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October 8, 2010

Like Mother, (Not) Like Daughter

How does a ripped-jeans-wearing, makeup-hating tomboy come out to her beauty queen of a mom?

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stephanie and her mother

Durring her childhood, Fairyington often felt out of sync with her beautiful mother.

Photo Credit: Courtesy of Stephanie Fairyington

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A regular source of friction: our Saturday-afternoon shopping trips to the mall in Escondido, California. "Oh, try this skirt on — it’s so cute!" she’d say. Or, "This lipstick would look great on you." And the perennial favorite: "Let’s get your hair done!" (Picture Ellen DeGeneres in a denim mini, pink lipstick, and big hair, and you’ll have an idea of how I would’ve looked if she’d had her way.) I didn’t often decline her invitations to these femininity fests, but I always felt like a drag queen (or worse, a football player), awkwardly lumbering around the shoe department in high heels. Being out of sync with my mom was a constant reminder that I was different. And at the time, in my mind, that was the same as being deeply flawed.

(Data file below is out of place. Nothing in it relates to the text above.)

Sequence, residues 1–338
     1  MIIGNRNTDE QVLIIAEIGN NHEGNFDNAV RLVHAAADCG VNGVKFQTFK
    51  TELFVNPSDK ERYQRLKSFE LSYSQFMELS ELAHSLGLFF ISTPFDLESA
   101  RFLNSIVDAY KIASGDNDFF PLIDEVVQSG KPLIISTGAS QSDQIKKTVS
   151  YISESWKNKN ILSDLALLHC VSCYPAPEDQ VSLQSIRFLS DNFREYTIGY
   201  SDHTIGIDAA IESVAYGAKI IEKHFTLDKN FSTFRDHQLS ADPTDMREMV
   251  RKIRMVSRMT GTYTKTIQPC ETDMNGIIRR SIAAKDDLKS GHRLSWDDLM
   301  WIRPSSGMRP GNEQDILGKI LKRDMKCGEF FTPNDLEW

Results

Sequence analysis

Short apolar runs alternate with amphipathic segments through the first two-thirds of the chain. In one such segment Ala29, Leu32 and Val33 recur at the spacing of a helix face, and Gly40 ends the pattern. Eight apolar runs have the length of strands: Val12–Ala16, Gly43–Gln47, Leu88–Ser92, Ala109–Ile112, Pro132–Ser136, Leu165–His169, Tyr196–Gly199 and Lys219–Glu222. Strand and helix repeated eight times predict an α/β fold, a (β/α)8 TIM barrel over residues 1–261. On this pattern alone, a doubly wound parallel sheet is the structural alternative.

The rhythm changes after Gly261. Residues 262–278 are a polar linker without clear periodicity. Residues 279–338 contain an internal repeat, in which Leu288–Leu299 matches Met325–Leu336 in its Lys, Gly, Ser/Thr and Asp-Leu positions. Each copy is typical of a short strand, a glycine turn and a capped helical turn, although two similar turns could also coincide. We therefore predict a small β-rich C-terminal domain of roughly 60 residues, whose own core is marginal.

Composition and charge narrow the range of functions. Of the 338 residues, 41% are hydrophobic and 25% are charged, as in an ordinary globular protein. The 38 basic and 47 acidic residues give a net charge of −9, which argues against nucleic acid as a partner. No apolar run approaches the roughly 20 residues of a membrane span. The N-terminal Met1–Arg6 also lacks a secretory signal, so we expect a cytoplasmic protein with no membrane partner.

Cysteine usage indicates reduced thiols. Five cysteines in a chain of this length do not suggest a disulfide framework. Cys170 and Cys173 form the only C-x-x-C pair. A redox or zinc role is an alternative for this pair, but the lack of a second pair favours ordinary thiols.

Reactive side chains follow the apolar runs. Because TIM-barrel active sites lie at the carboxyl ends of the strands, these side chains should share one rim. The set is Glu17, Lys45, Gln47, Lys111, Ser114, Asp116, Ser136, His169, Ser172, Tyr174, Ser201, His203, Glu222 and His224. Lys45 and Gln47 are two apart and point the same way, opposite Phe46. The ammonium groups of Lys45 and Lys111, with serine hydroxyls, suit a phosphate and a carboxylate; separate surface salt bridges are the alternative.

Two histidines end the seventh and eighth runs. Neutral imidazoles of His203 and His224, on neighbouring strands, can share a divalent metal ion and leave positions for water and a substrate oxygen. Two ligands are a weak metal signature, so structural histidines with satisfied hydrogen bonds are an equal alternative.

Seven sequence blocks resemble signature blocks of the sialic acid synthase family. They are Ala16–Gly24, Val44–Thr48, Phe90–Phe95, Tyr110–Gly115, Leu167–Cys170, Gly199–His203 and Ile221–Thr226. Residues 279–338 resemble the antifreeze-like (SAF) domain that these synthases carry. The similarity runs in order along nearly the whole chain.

My senior year, I fell in love with a straight girl named Chelsea, a top student who lettered in soccer and basketball and had big brown eyes and dark, flowing hair. Our romance endured four years, entirely in my own mind. My mom, meanwhile, peppered me with advice on how to attract guys: "You look beautiful without makeup," she’d say, "but makeup accentuates a woman’s beauty. And men are visual. You’ve got to use your feminine wiles."

Revealing the secret I’d carried around for a decade would only make the space between my mother and me grow wider, I thought. I couldn’t imagine dropping the G-bomb in person and dashing her fantasies of a white wedding, of the intimate mother-daughter chats we’d have about the men in our lives. It would have to be done in a letter. Indeed, four days after I sent it, the call came:

Me: "Hello?"

Her: No answer. Just crying.

Me: "Mom?"

Her: "Stephie. I got your letter." More crying. "Does your brother know?"

Me: "Yes."

Her: "When did you tell him?"

Me: "When I was 16."

Her: "Does everybody know but me? Did Daddy know?"

Me: "No."

Her: "Why am I the last to know?"


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